Generous Victorians continue to give the gift of life
Victorians have been revealed as some of the most generous residents in the country, after figures released today show the highest ever number of deceased Victorian organ donors in 2015.
126 Victorians donated their organs after death in 2015, compared to 117 Victorians in 2014, an 8 per cent increase on the previous year. These generous donors gave 406 organs for transplantation, helping transform the lives of people on the waiting list.
Victoria’s record breaking year was also mirrored nationally, with 435 Australians becoming an organ donor in 2015, allowing 1,483 organs to be transplanted.
Victorian Minister for Health, Jill Hennessy, paid tribute to each of the Victorian donors and their families who made the gracious decision to help others.
“I thank each and every one of the 126 Victorian organ donors and their families who gave the incredible gift that can help change the lives of up to 10 people,” Minister Hennessy said.
“Organ and tissue donation can mean the difference between life and death, being healthy and sick, or between seeing and being blind.
“I would encourage everyone to register to be an organ and tissue donor and to have this really important conversation with your loved ones so they know your desire to help others.”
Victorian State Medical Director, Dr Rohit D’Costa is reminding the community that there is still much more that needs to be done to ensure we can provide more life-saving transplants to very sick Australians.
“We continue to be humbled by the generous gift of donation and the families who support their loved one’s decision during a tragic time,” Dr D’Costa said.
“Each organ and tissue donation is an incredible gift and we work hard to provide families with the right information and support to make an informed decision about organ and tissue donation. We find that when families know the wishes of their loved one this makes the decision much easier and can provide comfort in a time of immense loss,” Dr D’Costa said.
One person who experienced the trauma of losing a loved one suddenly is Jane Bolle. Jane says donating her Aunt Cheryl’s organs was something she had no doubts about. While discussing death can be confronting, it is vital that your family knows your donation decision if circumstances exist that would allow for organ and tissue donation.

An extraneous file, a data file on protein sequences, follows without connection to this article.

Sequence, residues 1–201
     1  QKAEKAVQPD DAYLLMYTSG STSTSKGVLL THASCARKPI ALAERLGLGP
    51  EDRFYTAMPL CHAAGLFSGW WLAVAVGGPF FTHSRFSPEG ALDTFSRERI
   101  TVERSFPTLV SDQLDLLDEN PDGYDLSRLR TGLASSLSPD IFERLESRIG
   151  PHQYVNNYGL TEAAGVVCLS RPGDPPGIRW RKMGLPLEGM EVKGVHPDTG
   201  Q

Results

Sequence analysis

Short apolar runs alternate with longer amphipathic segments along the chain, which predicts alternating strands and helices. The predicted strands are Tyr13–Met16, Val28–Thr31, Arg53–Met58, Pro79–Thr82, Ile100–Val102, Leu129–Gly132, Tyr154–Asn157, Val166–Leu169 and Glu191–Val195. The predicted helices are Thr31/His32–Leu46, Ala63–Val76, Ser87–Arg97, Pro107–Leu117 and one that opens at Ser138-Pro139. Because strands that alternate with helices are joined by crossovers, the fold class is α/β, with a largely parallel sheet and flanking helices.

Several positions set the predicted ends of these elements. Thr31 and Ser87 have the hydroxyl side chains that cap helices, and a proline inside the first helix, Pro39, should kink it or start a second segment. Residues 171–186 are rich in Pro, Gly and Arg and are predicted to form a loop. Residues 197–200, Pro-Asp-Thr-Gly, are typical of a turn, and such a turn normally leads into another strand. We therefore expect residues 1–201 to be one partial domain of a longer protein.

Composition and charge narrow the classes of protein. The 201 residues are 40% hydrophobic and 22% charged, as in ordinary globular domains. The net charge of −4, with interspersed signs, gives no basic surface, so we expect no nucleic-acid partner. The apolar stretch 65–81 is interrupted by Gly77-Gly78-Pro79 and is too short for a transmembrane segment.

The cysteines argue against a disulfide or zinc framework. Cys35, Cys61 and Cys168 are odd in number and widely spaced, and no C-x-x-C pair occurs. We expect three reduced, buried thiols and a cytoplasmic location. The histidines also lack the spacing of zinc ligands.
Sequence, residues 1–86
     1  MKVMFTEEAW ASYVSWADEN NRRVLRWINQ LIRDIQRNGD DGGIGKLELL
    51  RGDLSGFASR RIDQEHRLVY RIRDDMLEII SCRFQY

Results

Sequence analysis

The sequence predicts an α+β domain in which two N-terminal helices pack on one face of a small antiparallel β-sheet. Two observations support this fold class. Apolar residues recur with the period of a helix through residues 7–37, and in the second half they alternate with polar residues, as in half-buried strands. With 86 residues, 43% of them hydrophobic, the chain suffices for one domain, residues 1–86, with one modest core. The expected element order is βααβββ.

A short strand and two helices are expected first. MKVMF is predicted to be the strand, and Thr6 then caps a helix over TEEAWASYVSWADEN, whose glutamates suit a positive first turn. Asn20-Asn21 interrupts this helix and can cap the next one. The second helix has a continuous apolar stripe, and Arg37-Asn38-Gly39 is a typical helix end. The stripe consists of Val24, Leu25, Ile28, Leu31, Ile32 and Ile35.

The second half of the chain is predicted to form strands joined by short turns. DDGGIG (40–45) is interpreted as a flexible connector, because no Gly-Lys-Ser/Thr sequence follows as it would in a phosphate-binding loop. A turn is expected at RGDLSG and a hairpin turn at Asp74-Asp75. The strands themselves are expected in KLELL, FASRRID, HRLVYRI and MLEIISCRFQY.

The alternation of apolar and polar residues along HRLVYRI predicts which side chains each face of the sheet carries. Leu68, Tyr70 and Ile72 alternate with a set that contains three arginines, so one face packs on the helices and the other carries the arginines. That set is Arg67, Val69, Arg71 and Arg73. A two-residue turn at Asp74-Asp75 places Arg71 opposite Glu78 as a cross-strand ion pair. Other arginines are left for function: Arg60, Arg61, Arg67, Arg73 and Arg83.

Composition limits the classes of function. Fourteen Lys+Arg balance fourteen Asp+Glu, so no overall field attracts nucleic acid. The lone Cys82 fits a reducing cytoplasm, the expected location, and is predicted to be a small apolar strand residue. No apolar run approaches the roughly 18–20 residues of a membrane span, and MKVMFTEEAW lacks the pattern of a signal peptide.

“Chez and I had discussed her wish to donate when we were both happy and healthy and it was comforting to have clarity about her decision to share with the family when the worst occurred,” Ms Bolle said.
For Ante Kelic, life has changed significantly 12 months after his liver transplant. He became a father for the first time and cherishes the opportunity to correspond with his donor family via DonateLife and the hospital transplant units.
“It has been wonderful to write letters to my donor family, though it’s hard to put in to words just how much this gift of a new liver means,” Mr Kelic said.
“Without my anonymous donor, I don’t know whether I’d be here talking to you today. Thankful will never be an adequate way to describe how I feel about my transplant or my donor,” added Mr Kelic.
Victoria’s highest organ donor figures on record speak not only to the state’s spirit of giving and heightened donation awareness, but also the dedication of the DonateLife network and health professionals, in particular at major transplant hospitals; The Alfred, Royal Melbourne, Austin and Monash. These four centres handled two-thirds of deceased donations in 2015. Collectively, regional Victorian hospitals contributed the most donation cases than ever before last year.
“Victoria’s 2015 results see us rise from 20 donors per million population (dpmp) in 2014 to 21.2 dpmp (a six per cent increase). This demonstrates Victoria is on track to reach the 25 dpmp target by 2018,” Dr D’Costa said.
For full breakdown of the 2015 donation figures, visit www.donatelife.gov.au/national-performance-data